Tucked away on a quiet corner near Seventh and Gilman streets, just past the bustling Downtown area, Small Press Distribution, or SPD, seems to be a serene pool in the rapids of Berkeley life.
Yet, past its facade, you’ll find that SPD is thrumming. It’s cozy, charming and a little eclectic with its mix of office, warehouse and bookstore aesthetics, and the unique space corresponds to its unique role as a quiet axis of the literary world.
SPD’s project is spelled out clearly in its name. As a book distributor, the company moves books published by small presses to major sales channels, selling to all 50 states and several other countries. Setting itself apart from other distributors, however, SPD has carved out a special niche as the nation’s only nonprofit distributor, dedicated to nurturing small presses and independent publishers.
“We’re in it to support the literary communities around the country and the world that seek our support,” said sales and marketing manager Nicole Trigg. “Many of our presses will start out with us and then they’ll kind of graduate to for-profit distributors that have even greater range, as far as distribution goes, than us, because they have more resources. But other publishers, like one of our biggest publishers, Ugly Duckling Presse, will never leave SPD, because it’s part of their mission to not enter into that for-profit bracket. They want to be grassroots and try to stay with our mission.”
While working on a grander, national and international scale, SPD also exists as an active and essential part of the Bay Area literary community. The warehouse functions on two levels as both an industrial space for distributing books and as a grazing ground for locals with a certain taste for contemporary literature. Open every weekday from 9 a.m. to 5 p.m., SPD is a dream of a bookstore, always up-to-date with the literature being written and published today — a place where it seems you could stand and watch the canon grow organically with time.
So, in effort to give back to the literary community, SPD plans to host an event called “Season of the Witch” on Oct. 27, from 6:30 p.m. to 10 p.m. At this event, all of SPD’s books will be discounted and the company will offer guests free tacos and beer, along with a panel on magic and the occult in literature, plus other performances.
“SPD isn’t what’s called a ‘presenting’ organization,” said staff member Zoe Tuck. “We don’t exist to put on a reading series or conferences or things like that — but we do exist by virtue of and for the benefit of this very grassroots literary community, a lot of which is focused here in the Bay Area. So I think the vision here (with Season of the Witch) was, number one, to sort of have an event as a thank you to our constituency.”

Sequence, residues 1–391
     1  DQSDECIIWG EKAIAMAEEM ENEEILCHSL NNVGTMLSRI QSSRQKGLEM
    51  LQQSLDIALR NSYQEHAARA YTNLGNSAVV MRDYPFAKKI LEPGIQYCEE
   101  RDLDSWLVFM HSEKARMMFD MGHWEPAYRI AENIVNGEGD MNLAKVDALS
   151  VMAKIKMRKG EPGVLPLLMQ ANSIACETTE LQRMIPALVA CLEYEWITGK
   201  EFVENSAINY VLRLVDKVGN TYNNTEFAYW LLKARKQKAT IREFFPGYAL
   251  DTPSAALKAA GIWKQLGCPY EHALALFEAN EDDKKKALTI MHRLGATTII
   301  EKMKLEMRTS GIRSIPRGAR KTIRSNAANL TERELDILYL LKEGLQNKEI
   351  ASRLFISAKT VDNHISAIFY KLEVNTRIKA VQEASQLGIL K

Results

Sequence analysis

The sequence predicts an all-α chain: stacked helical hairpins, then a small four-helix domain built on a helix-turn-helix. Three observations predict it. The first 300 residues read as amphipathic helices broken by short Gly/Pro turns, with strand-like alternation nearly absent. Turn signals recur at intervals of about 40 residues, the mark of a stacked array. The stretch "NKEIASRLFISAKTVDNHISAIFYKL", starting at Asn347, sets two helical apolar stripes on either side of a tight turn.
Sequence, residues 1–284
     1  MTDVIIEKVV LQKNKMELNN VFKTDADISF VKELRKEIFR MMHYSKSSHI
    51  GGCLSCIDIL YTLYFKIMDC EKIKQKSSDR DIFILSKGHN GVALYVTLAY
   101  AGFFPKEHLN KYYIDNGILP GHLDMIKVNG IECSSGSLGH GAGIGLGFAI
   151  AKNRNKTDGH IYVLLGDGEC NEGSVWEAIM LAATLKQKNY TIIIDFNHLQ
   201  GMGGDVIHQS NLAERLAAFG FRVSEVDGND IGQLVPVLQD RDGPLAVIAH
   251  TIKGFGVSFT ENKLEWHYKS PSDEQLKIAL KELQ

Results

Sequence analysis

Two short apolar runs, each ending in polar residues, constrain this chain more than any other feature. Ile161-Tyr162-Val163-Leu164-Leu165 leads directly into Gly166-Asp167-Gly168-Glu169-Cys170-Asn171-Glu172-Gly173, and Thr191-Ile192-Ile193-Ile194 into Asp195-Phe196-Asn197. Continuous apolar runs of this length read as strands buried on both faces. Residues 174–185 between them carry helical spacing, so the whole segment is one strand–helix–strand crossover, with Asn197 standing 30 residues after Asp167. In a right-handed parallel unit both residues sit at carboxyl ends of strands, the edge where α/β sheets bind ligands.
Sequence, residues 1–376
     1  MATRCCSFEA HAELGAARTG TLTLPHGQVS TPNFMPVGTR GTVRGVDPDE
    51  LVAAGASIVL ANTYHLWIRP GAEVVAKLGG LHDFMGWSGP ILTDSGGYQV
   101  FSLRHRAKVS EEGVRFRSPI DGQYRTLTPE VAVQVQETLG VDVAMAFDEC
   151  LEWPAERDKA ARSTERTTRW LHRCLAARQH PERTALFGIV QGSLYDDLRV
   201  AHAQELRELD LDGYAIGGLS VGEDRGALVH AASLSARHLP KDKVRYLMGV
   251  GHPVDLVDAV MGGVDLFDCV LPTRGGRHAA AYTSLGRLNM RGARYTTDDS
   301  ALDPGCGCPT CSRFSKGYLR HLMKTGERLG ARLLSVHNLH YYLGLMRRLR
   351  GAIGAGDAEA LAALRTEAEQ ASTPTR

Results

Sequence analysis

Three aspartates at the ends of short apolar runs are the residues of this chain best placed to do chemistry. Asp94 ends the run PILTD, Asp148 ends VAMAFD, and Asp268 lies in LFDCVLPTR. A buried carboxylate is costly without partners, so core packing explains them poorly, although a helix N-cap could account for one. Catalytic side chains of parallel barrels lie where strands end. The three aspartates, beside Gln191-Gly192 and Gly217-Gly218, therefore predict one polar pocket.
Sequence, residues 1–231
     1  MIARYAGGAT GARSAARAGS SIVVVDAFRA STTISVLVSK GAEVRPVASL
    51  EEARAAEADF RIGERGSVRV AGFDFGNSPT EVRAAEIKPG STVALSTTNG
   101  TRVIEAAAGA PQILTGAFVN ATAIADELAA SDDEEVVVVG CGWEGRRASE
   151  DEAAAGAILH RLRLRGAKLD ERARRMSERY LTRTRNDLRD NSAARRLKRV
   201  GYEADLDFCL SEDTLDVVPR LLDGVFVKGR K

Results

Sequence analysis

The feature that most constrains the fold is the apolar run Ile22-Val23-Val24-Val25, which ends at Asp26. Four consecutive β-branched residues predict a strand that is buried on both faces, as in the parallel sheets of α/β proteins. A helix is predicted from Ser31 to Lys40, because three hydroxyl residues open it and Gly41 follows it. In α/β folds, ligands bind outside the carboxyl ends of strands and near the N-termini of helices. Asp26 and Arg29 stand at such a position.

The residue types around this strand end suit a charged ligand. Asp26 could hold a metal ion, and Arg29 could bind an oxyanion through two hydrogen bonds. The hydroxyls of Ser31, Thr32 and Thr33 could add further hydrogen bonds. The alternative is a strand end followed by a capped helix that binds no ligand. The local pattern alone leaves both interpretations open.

On the topic, Tuck added: “I think that we had noticed that there was a particularly strong interest in occult themes in literature right now. And I think that resonated with some of our own practices and we wanted to explore that in a fun and respectful way.”
So, despite dramatic, apocalyptic predictions for the book industry, Small Press Distribution continues to thrive as a unique, essential component of the literary world.
“I’ve been in the business about 16 years now, and I’ve been through two major announcements that the print book is dead,” said Brent Cunningham, operations director for SPD. “I would be in panels and people would say, ‘there probably won’t be print books in 10 years.’ […] But I think they’re pretty durable — in sort of worst case scenario, I can see them being kind of like vinyl or something, but there’s still vinyl, and there’s certain small communities that really have a relationship to it. (Books will) be around, but I think like any industry, there’ll be a lot of change.”
Lindsay Choi covers literature. Contact her at [email protected].
A previous version of this article incorrectly attributed the quote “We’re in it to support the literary communities around the country and the world that seek our support. … Many of our presses will start out with us and then they’ll kind of graduate to for-profit distributors that have even greater range, as far as distribution goes, than us, because they have more resources. But other publishers, like one of our biggest publishers, Ugly Duckling Presse, will never leave SPD, because it’s part of their mission to not enter into that for-profit bracket. They want to be grassroots and try to stay with our mission” to Small Press Distribution publicity manager Trisha Low. In fact, it was said by Nicole Trigg, the organization’s sales and marketing manager.